In these test, we benefit from upward price drift with both our protective and profit stops but unfortunately, as with EDR, a higher PF comes with a lower win rate. This paradox is perhaps what has allowed trend following to continue working for so long. There is a psychological barrier that exploits a fundamental characteristic among most of us, the need to be “right”.

The last set of tests does however offer a different perspective.
EER=Efficient Expectancy Ratio. This is our EDR/Avg. Days in Winning trades. This number is meant to reveal the most efficient use if capital as it calculates expectancy per dollar risk per day in trade. The results are in dollars with .01 representing 1 cent per dollar risk per day in trade.

Here we begin to see a different picture emerge. One of the most critical considerations for an active trader is the efficient use of capital. These tests begin to prove a less conventional, but more useful barometer for deploying this capital to quickly roll into and out-of trades, maximizing profit and minimizing dead-money in go-nowhere trades. Using this ratio as a gage, we see that a very tight protective stop, coupled with a modest price target is the most efficient in this regard. Again referring to our Nasdaq portfolio, a 2%-12% combo is the retrospective “ideal”. In this scenario, our win rate is only 25% but our average win is 6x our average loss. Our average trade duration for winners is also only 13-days which means with a 12% profit target, our winners are running at an average rate of nearly 1% per day. Trades that don’t immediately move in our favor get cut quickly and we are taking profits before trades start to linger.


Everything we looked at today certainly provides credibility to the popular adage that stops have a larger impact on a system than do entries and the manipulation of stop combinations is one of the most effective methods of tailoring a system to one’s needs. So which if these techniques are “best”? I do not believe there is a single answer to this question and a position sizing strategy designed to take advantage of whatever stop combination one is comfortable with will have a tremendous impact on the bottom line, which is really what we are all concerned with. In a few weeks, after further building up our trading “kit-of-parts”, we will look at a few money-management/position sizing combinations to really see what these stop combinations could really make with trading cost, slippage, and compounding added to the equation.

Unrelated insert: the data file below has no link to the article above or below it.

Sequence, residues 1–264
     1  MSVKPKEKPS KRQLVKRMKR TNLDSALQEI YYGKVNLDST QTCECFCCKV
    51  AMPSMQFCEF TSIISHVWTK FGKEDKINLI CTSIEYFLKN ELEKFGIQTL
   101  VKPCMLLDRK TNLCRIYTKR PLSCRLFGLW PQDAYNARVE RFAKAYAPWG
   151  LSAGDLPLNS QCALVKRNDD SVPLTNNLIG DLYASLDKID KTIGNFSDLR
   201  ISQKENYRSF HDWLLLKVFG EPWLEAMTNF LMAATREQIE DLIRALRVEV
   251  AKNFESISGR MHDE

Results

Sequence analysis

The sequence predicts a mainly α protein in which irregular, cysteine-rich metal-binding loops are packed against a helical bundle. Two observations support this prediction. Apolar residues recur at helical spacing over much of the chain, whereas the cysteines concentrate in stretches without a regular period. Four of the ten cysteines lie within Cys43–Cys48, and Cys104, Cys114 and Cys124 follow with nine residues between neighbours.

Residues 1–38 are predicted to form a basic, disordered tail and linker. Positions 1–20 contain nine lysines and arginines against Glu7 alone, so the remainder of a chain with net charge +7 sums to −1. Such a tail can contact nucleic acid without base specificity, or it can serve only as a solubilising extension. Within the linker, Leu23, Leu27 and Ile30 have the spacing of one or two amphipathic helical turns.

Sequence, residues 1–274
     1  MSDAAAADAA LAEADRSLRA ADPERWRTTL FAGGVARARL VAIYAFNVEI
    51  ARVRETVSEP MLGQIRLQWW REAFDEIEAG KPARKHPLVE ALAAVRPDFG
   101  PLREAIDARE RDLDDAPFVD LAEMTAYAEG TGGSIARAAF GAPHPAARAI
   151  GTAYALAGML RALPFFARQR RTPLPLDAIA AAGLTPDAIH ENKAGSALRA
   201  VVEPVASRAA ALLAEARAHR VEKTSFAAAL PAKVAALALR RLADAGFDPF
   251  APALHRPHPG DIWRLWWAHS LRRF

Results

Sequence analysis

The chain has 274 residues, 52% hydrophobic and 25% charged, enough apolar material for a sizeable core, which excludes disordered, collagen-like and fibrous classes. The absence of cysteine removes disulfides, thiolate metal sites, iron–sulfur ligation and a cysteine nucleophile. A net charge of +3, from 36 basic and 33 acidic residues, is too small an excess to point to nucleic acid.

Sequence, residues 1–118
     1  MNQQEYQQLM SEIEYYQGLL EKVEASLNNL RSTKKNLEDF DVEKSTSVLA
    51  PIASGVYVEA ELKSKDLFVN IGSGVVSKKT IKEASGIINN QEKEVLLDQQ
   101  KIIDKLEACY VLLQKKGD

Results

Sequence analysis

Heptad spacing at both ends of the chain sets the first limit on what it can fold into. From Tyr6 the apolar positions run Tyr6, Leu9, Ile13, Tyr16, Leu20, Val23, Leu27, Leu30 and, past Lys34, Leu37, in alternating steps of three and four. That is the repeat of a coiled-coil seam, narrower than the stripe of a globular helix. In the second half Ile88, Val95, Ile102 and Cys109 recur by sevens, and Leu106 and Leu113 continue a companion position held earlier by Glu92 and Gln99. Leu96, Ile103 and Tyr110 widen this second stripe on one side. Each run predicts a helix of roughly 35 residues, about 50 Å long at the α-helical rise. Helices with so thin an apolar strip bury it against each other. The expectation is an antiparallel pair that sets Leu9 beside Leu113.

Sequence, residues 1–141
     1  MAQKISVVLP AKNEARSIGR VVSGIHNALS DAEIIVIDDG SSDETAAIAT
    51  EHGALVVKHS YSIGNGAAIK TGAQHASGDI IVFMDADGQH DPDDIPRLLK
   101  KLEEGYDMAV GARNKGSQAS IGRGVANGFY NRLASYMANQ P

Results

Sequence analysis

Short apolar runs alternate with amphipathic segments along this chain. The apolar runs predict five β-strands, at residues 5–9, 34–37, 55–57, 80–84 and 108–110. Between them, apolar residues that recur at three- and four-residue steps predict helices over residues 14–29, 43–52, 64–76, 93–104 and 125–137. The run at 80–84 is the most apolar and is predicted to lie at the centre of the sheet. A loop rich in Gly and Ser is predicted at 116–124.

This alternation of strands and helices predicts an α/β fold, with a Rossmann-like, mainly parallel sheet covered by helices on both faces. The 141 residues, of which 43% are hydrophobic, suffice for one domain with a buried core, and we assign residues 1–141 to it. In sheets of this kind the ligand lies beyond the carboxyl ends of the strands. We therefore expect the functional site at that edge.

Anonymous said...


What analysis software are you using?

In the analysis posted:

When you calculate the stop; is it based on the entry price at the time of entry; is it for next day? or is it based on low of DOE or the fill price? Is the stop placed immediately upon fill or again is it a next day stop?

Thank you

bhh said...

Hi, be sure to read this ...
for info on software, etc.

Entry orders are market at open on day following signal but protective stops are GTC stop orders and profit targets are GTC limit orders so they execute when hit.

PercentStopPrice=EntryPrice -(EntryPrice*(VariableX/100))

ProfitTarget=EntryPrice*(1+ (VariableY/100))

Woodshedder said...

Good stuff, as always.

I'm finally making progress with Tradestation, and I'm terribly disappointed with the inability to test over a portfolio. I knew this limitation when I opened the account, but I thought I'd get over it. Nope. I really can't believe TS won't allow testing over a portfolio or watchlist. I mean, if Stockfetcher can do it, surely TS can!

bhh said...

Hey Wood,
That is the main reason I decided to go with Traders Studio. It is relatively cheap and extremely powerful but the learning curve was very,very steep also. I can help you with something if you need, it doesn't use Easy Language but is pretty similar.

Anonymous said...

Thank you,

I thoght that that was how the stops were placed; but checking over some portfolios i've created; they've seem to do better if the 2%stocp is placed the day after entry.

Just curious if you noted the same manually checking some of the trades; or could it be unique to the stocks i've chosen?

Great blog site; keep up the good work.


P.S what is traders studio?

bhh said...

Hi Art,
Thanks. I think it just depends on the portfolio and the market conditions. EOD exits leave you wide open to much larger exits than "expected" so I tend to avoid them. Trader's Studio is the backtesting software I use...

Damian said...

Fantastic analysis bhh - I've linked to it from my new blog - as part of my QuantCloud round-up. I think only you and I are using Tradersstudio....

bhh said...

Thank you. I wish you well on Skill Analytics and added you to my blogroll. I can't wait to see how things progress. Nice to see more Traders Studio users out there. The community for it is so small but hopefully that will change. I am still learning it, particularly the macro/trade plan scripting but feel free to ask if you have any questions and I'll do the same if that is ok.

Damian said...

Yes of course - no problem - happy to have other working in the same program! Thanks for the blogrollin'!